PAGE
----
Bit by bit, the police peeled back the circumstances that had previously been shrouded in eerie mystery.
Walker’s first defensive move after confessing was to claim that Howe’s kidnapping had been intended only as a harmless prank. The alleged goal was to snag the attention of the police department and make the authorities look bad.
When Walker spotted Howe walking alone, he seized his chance. He approached her, claiming interest in buying Girl Scout cookies. Walker proceeded to press his hand over her mouth and drag her to the car where the O’Brien’s waited. He handed Howe over to the brothers who shoved her into the back seat before making their getaway. Walker escaped in his own car.
Walker’s next defense was to claim that he was coerced into participation in the kidnapping. He explained that he’d expressed a desire to back out of the scheme. But the O’Brien’s vowed to harm his son if he didn’t go along with the plan. They further bruised his ego by calling him “chicken” for having misgivings. The events that followed proved that Walker would lay not just one egg, but many by refusing to stand up to his accomplices.
The Series of Events was Finalized
According to authorities, Walker changed his story more times than a baker’s dozen throughout the long and arduous interview process. Finally, the series of events was finalized.
According to Walker, the next time he saw the O’Brien’s after Howe’s abduction was at his home. The brothers sequestered their victim in one of the bedrooms.
While in the kitchen making spaghetti, Walker heard Howe’s distressed cries of “get off me” from upstairs.
Walker reportedly left the house only to return and find it empty.
At first glance, this appeared to be where Walker’s role in the case ended. Claims surfaced that one of Walker’s cars reeked of decomposing flesh just days after the kidnapping. He was brought back into the picture.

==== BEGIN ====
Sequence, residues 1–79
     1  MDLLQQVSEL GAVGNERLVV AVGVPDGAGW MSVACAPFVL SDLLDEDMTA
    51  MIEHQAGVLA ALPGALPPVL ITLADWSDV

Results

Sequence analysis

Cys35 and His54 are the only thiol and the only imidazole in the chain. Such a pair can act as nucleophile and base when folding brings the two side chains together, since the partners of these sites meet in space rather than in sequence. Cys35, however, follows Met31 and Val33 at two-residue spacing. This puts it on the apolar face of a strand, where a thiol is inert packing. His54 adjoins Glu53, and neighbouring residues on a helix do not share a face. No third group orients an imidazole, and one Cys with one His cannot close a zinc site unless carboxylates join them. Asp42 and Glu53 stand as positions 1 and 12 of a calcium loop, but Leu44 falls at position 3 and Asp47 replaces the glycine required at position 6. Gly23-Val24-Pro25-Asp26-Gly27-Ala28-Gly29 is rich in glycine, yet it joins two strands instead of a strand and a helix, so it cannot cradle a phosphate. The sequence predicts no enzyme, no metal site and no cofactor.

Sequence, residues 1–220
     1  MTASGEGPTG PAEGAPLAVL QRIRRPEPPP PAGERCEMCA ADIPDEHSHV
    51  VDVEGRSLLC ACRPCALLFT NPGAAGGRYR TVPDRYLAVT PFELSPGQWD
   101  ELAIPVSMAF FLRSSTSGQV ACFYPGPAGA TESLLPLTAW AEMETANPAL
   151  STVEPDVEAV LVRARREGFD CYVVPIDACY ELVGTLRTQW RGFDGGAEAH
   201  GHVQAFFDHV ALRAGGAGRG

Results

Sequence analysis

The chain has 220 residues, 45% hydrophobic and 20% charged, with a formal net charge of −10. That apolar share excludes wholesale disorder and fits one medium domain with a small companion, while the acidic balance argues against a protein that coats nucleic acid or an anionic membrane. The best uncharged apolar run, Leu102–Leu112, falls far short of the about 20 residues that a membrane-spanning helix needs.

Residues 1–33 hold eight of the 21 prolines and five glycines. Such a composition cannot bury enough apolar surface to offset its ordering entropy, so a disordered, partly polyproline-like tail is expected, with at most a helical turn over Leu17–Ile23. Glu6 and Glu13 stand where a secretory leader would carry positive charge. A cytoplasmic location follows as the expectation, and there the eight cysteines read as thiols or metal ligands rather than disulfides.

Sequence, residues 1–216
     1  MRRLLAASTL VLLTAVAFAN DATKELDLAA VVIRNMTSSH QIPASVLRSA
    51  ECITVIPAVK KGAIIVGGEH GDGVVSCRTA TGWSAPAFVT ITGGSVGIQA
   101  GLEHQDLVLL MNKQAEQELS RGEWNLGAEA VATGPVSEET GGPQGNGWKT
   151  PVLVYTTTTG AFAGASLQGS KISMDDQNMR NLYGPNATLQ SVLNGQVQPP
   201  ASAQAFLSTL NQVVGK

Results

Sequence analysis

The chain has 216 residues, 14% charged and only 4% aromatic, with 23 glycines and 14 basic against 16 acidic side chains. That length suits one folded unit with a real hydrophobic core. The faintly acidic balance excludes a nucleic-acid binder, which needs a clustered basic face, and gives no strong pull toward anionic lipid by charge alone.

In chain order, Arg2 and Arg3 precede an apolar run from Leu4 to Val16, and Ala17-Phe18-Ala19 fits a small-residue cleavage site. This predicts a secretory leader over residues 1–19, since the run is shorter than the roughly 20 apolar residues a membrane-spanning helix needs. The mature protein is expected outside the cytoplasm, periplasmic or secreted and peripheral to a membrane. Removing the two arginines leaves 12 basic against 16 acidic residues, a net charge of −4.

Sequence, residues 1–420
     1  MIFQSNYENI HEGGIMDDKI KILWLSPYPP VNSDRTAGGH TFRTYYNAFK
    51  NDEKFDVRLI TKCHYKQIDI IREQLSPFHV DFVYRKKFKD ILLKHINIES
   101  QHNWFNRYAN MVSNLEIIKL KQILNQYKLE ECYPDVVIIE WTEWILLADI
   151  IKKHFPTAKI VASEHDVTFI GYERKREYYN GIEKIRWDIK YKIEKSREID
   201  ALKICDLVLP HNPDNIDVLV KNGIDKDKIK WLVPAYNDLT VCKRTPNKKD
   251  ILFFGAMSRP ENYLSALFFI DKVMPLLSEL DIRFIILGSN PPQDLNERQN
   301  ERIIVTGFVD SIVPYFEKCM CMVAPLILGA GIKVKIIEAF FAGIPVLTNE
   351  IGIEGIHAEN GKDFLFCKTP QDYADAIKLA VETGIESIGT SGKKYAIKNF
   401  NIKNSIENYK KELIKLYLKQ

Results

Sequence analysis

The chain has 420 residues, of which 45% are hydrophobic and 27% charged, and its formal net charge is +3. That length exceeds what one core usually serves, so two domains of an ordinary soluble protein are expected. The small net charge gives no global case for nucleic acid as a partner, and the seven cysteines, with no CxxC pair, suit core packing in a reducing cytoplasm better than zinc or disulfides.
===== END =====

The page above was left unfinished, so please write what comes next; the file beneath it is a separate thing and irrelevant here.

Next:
James O’Brien’s lawyer, Wayne Hundertmark, lobbied for additional attention to the severity of Walker’s involvement. He claimed the car’s stench supported the theory that he’d killed Howe before tossing her over the bridge.
This approach was strengthened further when Hundertmark produced evidence that Walker had called his ex-wife on the night of Howe’s disappearance, telling her that an abduction had occurred and that a body would be found at the bridge.
The evidence was convincing, but an additional autopsy by Dr. Isidore Mihalakis drew attention back to the O’Brien’s. This happened some time after the first autopsy and investigation, indicating a shift in the focus of the case.
The Condemnation of the O’Brien’s
Dr. Mihalakis’s autopsy documented further details on Howe’s violent descent from the bridge. A scraped side and evidence that she’d hit the edge of the pier before dropping to the creek bed were added to the report. However, it was the girl’s dislocated shoulder and fractured wrist that stood out. These injuries contradicted the theory that Howe had been murdered by Walker and was dead by the time she was tossed over the bridge.
Dr. Mihalakis explained that her injuries pointed to an attempt to break her fall with an outstretched arm. In order to do this, Howe would have needed to be alive prior to hitting the ground.
Ryan Heath, an inmate who’d shared Timothy O’Brien’s cell for months, testified in 2001 that O’Brien had admitted to killing Howe. He’d heard O’Brien say that he and his brother had stuffed Howe in the trunk of their car before throwing her over the bridge to her death.
These developments gave the O’Brien’s another morbid opportunity to take centerstage.